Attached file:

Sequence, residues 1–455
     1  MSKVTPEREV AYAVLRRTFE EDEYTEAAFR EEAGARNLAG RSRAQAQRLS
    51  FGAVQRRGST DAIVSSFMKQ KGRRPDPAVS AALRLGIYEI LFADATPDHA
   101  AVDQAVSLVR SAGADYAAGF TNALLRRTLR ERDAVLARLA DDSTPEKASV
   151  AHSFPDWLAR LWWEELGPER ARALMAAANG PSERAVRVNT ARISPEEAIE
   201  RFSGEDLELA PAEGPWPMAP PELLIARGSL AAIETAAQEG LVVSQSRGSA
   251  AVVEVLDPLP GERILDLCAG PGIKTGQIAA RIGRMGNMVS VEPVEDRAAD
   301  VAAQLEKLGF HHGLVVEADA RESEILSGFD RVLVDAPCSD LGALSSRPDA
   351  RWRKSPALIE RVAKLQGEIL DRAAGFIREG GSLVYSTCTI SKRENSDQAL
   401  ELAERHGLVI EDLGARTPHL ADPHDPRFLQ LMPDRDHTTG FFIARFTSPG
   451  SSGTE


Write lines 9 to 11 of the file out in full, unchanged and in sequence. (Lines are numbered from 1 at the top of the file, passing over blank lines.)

   351  RWRKSPALIE RVAKLQGEIL DRAAGFIREG GSLVYSTCTI SKRENSDQAL
   401  ELAERHGLVI EDLGARTPHL ADPHDPRFLQ LMPDRDHTTG FFIARFTSPG
   451  SSGTE